Wednesday, 8 March 2017

Are we really celebrities?

Growing our adopted global family, Lucknow.  
Yesterday we were sitting on a bench when an Indian woman with a gaggle of friends and children strode up to us, demanded where we were from and asked if she could take a group picture with us.

This happens a lot: once a day at least when we are at tourist spots. And even though we have learned to pick up the pace as the next group of admirers approach, we mostly don't mind. In terms of attention, don't they say it's better to be talked about than not talked about at all?

We had the same on our Africa trip, except no-one had smartphones then so a photo wasn't an option. We thought they just wanted a dab of our Western stardust. In those days this translated into your phone number or email address, not information you're inclined to give. Sadly when this wasn't forthcoming, or after to our shame we had given a false email, it transformed into a request for money. At least nowadays the photo seems enough.

"Left a bit, that's it, give us a pout, love. Beautiful!"
Without exception this trip's selfie requests have been friendly and well-meaning, if sometimes abrupt because the person making the request is nervous. When it's a group of boys, I sense it's almost always the result of a bet!

So why are they doing it? I used to think it was just a minor form of celebrity worship. In the same way that if you saw [celebrity of your choice] on a nearby bench you might jokily request a selfie. That is if you were less a timorous Brit and more a robust Indian.

Normal Western behaviour,  Burma 
But this theory breaks down a little if you look at Jo and me, well me mostly. For sure we have the trappings of the rich West - the white skin, the camera, the ineptitude at waggling the head - but in every other department we fall down. We have street urchin hair, our clothes are gently disintegrating,  shoes are uniformly dust-coloured, and it's not as if we bear any resemblance to Posh and Becks or demonstrate any talent for sport or stage.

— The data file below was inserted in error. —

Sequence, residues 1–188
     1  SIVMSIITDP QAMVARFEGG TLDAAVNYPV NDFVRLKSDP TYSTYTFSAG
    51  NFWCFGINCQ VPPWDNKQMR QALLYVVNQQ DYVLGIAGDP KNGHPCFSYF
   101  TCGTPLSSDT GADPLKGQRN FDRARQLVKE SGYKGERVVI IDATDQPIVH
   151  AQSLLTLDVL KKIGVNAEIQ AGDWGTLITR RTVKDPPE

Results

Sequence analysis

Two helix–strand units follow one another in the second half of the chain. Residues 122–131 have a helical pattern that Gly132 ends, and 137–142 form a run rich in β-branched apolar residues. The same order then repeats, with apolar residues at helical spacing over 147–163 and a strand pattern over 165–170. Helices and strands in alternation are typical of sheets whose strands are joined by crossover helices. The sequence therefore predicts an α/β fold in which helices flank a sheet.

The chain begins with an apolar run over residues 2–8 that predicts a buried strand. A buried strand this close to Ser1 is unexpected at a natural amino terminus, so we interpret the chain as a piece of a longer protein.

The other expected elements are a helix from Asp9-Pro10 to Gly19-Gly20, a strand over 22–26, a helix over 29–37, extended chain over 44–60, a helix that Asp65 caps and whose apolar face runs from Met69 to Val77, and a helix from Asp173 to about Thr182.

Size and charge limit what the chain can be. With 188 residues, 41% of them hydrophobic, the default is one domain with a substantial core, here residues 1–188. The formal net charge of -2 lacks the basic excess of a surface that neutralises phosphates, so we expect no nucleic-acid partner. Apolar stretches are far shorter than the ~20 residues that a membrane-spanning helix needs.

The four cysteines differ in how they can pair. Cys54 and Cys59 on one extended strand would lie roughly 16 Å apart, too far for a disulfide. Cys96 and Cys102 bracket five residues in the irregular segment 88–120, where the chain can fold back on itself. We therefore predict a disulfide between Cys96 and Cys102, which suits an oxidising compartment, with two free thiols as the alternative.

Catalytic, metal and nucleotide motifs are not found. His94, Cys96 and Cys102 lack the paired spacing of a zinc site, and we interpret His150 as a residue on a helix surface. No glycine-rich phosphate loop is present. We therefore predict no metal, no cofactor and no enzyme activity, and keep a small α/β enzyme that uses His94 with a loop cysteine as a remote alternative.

I'm developing a better theory. In Sri Lanka I got down with the locals and bought myself a traditional wraparound longji (as photo) . When I arrived in Burma I continued to wear it. They wear longjis there too, so it seemed OK. But it transpired over time that mine was seen as ridiculously garish compared to the local version and moreover I was tying it at the side, as women do, instead of at the front, as men do. So imagine a man walking down the high street wearing a purple polka-dot dress. That was me.

I only found this out because the locals couldn't stifle their laughter. Thankfully two nice people explained the situation after they had caught breath.

But it's made me reconsider the whole celebrity thing. What other cultural faux pas are we committing? Do my sideburns mean I'm up for something unmentionable? Is Jo's hairclip the icon of the Allahabad Monster Raving Loony Party? Should we never sit together on a bench? Individually these things might be small but as an aggregate... we probably look like complete clowns.

We got our own back on these friendly rogues in Kolkata 
So I propose this: we aren't Brangelina. We're Laurel and Hardy. We are touring India and giving everyone a good laugh. And the bolder locals can put the evidence on their mantelpiece.